The 125West Ruby is one of the world's largest known ruby crystal weighing in at 8.2lbs and amounting to 18,696 Carats. The Ruby crystal is semi-translucent to opaque and contains rutile. If cut en cabochon, this may create a six ray star. When exposed to long-wave ultraviolet light, the ruby displays a strong red fluorescence. It measures 122.4mm x 112.3mm x 133.9mm.
If you have doubts this gem is certified by the Gemology Institute of America Report 15171991 dated May 24th, 2006. If carved this Ruby would be the largest ruby curvature in the world. If cut en cabochon, the 125West Ruby would be the largest cut and polished ruby gemstone in the world.
Rubies have a long history as part of the mechanics of a watch. In 1702, Nicolas Fatio (Facio) de Duillier, a Swiss mathematician who was born in Basel, Switzerland, and Pierre and Jacob Debaufre introduced Jewel Bearings in watches to reduce friction. The jewels were not widely used until the middle of the 19th century. Until the 20th Century these jewels were ground from tiny pieces of natural gems. The watches had garnet and quartz, but it was the luxury top quality watches that used sapphire, ruby and even diamonds.
In 1902, a process to grow artificial sapphire crystals was invented, thereby making the jewels cheaper. In most modern watches, synthetic rubies (left image) are used between the moving parts, especially in the escapement and have a major effect on the timekeeping accuracy. It was discovered the harder the material used as bearings, the lessor the friction. Thus the ultra hard slick surface has a lower coefficient of friction with metal. In addition Rubies increase the life of the bearings. Rubies is the second hardest material after diamond and seven times harder than topaz. The Ruby belongs to the Coronado group of minerals, its name stemming from the red color (Latin: Rubeus). Red corundum is always called by the name Ruby whereas any other colors of corundum are known as Sapphires. The only difference between synthetic sapphire and ruby is as a result of the different impurities that have been added to change the color. There is absolutely no difference in their properties as bearings. Rubies can be opaque, translucent or transparent.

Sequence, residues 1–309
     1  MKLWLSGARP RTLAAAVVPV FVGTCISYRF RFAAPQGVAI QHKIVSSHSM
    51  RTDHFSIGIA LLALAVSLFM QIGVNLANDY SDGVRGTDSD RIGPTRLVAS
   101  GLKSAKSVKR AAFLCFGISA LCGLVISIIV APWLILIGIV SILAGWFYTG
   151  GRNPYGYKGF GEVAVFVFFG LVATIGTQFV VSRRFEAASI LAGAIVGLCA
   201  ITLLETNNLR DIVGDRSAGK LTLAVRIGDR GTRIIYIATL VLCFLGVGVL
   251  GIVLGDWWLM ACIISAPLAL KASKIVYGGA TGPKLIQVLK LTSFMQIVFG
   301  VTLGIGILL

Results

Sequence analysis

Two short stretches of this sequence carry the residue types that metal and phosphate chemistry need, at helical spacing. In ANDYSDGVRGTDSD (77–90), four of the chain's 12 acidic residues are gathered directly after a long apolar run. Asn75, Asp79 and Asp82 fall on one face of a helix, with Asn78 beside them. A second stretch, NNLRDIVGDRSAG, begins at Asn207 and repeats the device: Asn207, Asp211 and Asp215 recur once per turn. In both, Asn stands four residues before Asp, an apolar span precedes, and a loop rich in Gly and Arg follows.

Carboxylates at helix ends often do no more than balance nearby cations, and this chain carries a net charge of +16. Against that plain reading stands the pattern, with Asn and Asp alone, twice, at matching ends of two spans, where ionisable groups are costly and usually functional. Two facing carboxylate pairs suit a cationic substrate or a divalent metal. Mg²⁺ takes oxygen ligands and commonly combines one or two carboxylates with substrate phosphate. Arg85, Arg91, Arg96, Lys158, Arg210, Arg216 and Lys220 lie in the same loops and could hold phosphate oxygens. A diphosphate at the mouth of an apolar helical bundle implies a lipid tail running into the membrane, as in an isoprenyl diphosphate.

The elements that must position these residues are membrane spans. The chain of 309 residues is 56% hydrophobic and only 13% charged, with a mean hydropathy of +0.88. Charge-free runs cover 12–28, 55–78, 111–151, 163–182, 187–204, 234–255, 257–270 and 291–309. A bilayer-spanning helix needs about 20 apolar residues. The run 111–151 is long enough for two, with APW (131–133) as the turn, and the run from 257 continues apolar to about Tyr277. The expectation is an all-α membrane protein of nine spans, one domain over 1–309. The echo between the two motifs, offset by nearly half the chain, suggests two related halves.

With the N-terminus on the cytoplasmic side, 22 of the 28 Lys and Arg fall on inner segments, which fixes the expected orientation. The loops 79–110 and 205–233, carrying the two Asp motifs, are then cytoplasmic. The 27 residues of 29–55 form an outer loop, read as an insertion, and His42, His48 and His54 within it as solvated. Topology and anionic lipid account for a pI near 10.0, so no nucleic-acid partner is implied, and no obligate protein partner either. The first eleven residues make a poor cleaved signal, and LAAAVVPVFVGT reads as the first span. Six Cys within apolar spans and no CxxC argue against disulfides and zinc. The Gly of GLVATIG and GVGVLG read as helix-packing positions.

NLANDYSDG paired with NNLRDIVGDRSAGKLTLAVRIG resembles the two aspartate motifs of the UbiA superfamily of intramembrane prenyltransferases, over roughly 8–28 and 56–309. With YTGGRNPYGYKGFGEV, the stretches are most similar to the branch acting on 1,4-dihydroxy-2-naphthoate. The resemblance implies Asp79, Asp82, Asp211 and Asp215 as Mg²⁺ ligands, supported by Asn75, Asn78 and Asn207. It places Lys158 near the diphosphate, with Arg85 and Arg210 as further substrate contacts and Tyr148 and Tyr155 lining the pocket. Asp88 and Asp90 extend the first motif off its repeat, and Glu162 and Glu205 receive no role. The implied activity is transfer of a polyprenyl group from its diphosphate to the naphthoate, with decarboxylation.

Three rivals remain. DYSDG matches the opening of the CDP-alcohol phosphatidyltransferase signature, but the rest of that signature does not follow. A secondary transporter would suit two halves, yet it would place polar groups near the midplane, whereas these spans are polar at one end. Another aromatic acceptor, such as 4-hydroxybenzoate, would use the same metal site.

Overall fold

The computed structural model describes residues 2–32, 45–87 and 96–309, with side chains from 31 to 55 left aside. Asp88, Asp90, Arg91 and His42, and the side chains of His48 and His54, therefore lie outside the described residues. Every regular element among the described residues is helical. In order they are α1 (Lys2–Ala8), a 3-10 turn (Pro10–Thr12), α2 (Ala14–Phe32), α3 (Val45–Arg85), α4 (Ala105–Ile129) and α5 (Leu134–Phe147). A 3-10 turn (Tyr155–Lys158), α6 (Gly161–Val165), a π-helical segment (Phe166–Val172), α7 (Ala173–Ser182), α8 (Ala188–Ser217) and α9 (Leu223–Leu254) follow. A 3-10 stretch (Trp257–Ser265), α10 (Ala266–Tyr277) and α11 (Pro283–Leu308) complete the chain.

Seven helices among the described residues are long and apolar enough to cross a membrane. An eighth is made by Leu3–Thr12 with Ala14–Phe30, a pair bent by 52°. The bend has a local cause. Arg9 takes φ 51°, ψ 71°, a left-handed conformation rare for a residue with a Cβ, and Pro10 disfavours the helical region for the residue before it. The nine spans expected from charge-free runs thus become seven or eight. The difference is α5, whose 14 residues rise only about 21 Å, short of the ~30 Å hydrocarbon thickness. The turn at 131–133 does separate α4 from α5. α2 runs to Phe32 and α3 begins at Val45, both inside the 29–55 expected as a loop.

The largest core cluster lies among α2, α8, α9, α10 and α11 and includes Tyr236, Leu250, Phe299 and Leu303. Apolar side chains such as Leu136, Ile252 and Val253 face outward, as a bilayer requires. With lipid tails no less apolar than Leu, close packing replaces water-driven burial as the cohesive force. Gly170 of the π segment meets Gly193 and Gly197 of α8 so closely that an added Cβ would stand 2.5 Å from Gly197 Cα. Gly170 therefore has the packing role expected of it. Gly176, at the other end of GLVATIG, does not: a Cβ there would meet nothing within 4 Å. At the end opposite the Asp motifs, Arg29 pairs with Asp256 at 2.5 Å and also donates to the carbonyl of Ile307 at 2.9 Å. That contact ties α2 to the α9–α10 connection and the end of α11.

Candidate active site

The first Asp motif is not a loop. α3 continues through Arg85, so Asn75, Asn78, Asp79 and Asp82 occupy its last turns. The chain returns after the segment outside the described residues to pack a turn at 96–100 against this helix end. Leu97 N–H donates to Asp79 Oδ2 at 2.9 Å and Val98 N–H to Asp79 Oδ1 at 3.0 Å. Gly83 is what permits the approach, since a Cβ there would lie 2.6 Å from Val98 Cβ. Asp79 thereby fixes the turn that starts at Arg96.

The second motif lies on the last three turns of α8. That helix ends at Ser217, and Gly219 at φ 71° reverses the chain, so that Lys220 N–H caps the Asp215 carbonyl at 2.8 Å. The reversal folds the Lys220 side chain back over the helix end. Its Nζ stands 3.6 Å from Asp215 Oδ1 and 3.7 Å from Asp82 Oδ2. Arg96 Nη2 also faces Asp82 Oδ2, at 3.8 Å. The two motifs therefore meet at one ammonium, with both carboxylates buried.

The very best watches have a 21 jewel movement; some have slightly more and some less. Some ETA movements use a 25 jewel movement which is a question of style rather than functionality.
The question regarding the number of jewels in a watch is a interesting one, and I will blog about it in due course.
As always let me know what you think about any points I bring up in the blogs. I love to hear feedback.